ittiturismo cooperativa pescatori tortolì.

If my blues don't match in this post, it's because the pictures came from three different cameras.


The Cooperativa is going to take a lot of writing to do it justice, so I'll put some pictures up until I have time to get to the justice-doing.


In the few days we'd been there we'd not eaten at a single place I'd researched, and frankly the cooking we were doing at home was way tastier than what we'd been having at sit-down dinners.

So Saturday we made it a point to drive over to the Cooperativa (5km?) to buy some shellfish for dinner and see if we could eat at the restaurant. We were lucky to sneak out of the driveway without running into Remo, otherwise we never would've made it to the Cooperativa before siesta.

Remo is the patriarch of the family we were staying with, and the primary manpower behind the farm. He's easily 65 years old, but more likely closer to 75: Sardinians are among the longest-living people on Earth. In fact, 4 of the 10 oldest people alive on Earth right now are Sardinian.

The picture below is from Wednesday night, when we were on our way to the grocery store for the first time, and we mentioned going to the Cooperativa. This launched Remo into a charmingly enthusiastic presentation regarding what he would do with the fish if it were he doing the cooking.

We were dying of hunger and trying to somehow graciously extract ourselves, but he couldn't stop giving us recipes, the highlight coming when he got down and began drawing pictures of clams in the dirt to assist with translation between Sardinian and Italian names for sea creatures.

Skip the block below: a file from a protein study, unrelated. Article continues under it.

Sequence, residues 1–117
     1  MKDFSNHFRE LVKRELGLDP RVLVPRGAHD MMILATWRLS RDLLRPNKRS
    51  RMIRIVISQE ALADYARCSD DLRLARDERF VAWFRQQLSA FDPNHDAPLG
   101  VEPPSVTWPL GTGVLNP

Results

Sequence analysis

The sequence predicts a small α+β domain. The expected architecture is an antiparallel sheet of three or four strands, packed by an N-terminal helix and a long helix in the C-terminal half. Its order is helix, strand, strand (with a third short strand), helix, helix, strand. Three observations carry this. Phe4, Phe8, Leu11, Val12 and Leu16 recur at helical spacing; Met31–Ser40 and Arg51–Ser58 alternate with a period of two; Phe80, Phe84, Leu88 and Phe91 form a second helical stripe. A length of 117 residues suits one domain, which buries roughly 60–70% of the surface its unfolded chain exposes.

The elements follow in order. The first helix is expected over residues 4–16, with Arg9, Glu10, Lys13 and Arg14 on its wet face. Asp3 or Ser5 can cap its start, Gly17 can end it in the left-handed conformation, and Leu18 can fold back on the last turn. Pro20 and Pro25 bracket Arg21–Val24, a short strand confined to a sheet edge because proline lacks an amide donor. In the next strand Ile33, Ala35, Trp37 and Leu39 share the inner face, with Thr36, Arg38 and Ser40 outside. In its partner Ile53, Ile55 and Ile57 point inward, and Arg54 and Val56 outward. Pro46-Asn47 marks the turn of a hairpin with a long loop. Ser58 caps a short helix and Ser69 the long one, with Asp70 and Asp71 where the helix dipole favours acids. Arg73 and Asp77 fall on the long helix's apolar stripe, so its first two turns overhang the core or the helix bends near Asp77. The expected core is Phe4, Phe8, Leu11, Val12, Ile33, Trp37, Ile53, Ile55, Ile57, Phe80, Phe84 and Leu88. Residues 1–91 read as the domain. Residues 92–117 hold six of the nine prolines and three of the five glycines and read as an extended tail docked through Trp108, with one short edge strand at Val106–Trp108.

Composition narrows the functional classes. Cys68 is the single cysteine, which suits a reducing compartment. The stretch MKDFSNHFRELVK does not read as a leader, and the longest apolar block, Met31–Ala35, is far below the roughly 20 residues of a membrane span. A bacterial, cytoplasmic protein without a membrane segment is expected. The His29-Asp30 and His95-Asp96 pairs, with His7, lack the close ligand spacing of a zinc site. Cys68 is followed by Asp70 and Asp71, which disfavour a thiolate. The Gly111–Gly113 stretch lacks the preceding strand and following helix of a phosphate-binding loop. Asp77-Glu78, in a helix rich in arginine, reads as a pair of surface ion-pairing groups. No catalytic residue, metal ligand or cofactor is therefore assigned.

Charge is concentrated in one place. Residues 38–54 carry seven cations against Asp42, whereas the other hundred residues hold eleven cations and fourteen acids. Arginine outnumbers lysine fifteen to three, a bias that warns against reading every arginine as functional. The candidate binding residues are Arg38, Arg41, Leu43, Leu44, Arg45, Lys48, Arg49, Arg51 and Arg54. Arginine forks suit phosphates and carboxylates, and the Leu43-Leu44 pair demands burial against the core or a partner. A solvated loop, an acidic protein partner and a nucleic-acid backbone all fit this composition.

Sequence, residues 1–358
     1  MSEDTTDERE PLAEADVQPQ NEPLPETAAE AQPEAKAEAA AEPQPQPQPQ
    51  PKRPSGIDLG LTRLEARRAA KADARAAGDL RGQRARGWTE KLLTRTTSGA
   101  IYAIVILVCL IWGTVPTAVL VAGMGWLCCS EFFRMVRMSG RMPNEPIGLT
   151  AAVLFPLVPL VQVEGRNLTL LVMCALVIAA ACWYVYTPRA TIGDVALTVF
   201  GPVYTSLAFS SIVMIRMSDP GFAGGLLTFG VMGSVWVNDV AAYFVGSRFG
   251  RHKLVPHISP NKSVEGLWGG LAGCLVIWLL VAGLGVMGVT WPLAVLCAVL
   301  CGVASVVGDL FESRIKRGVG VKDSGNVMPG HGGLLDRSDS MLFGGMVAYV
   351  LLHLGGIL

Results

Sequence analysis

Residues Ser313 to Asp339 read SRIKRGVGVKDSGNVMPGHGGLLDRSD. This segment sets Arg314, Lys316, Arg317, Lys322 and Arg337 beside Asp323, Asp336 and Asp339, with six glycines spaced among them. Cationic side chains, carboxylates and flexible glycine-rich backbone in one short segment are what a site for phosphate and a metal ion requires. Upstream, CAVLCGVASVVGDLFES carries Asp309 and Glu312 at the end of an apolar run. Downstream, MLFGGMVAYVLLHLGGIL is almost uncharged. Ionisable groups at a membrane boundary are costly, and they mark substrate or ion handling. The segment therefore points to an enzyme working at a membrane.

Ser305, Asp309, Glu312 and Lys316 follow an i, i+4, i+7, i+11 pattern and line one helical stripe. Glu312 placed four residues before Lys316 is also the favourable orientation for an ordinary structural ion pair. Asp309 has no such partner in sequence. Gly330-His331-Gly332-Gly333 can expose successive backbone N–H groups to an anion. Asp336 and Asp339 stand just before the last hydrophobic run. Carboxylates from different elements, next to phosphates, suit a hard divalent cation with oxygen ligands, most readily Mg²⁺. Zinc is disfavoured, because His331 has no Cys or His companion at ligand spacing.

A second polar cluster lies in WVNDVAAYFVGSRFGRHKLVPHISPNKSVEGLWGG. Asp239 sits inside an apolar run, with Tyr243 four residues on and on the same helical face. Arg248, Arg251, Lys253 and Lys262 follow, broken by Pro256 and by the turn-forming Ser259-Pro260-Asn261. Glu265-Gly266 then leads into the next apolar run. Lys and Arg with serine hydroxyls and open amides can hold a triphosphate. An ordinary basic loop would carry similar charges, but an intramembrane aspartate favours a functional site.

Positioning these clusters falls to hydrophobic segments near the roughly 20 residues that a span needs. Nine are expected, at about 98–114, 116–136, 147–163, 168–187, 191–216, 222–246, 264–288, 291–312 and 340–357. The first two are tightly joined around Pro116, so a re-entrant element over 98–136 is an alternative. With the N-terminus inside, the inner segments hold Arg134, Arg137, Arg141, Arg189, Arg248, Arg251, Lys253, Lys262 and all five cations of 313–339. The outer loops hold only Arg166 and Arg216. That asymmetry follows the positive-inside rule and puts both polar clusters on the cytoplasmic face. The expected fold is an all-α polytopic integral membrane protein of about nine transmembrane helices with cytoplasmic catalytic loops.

On Saturday we managed to get to the Cooperativa just before they closed for siesta (almost every non-bar business closed from 13:00 to 17:00 every day). They were sold out of a lot of things, so who knows what we missed, but we ended up scoring two kilos each of clams and mussels, a kilo of shrimp, a package of bottarga, and four of the shrimp arancini pictured below, all for €30.00. More about the resulting dinner later. We also made a reservation for lunch on Monday, for "some time between 12:45 and 2pm". Ah, Italy.

I think we almost cancelled lunch for some reason or another on Monday, and man what a mistake that would have been. They called us twice to make sure we were still coming, so we should've known this was something not to miss.

We show up and start walking towards the place where we'd bought the fish on Saturday, but the parking attendant yells to us "you're going the wrong way", and points towards a series of bridges leading towards the water.

I think the beauty of it all was heightened by the fact that we had no idea where we were going. There were no signs, no people, no indication of a destination, just a dirt road leading off into the distance. And other than our own footsteps and the rustling of marsh grass in the breeze...no sound.

So we just kind of ambled through their beautiful, silent aquaculture installations and the surrounding dunes, carried along by a warm and toasty sea breeze, until we ended up standing in front of a wooden pavilion.

You go inside to a mostly-full restaurant and sit down for a three-hour lunch. Fried cuttlefish ravioli, octopus salad, polpette di spigola, mackerel in vinaigrette, anguilla alla marinara, bottarga, steamed mussels, charcoal-grilled dorade, scampi, fritto misto with whiting and calamari...they just kept bringing surprises until you explode. Then they bring you a limoncello sorbet.

All this, plus wine, for...€30 euro per person.

Then you walk back to your car, a bit more slowly now, and prepare to nap.

1 comment:

Klary Koopmans said...

that looks so wonderful. sun. blue. fish. tan. kitties. booze. more, please.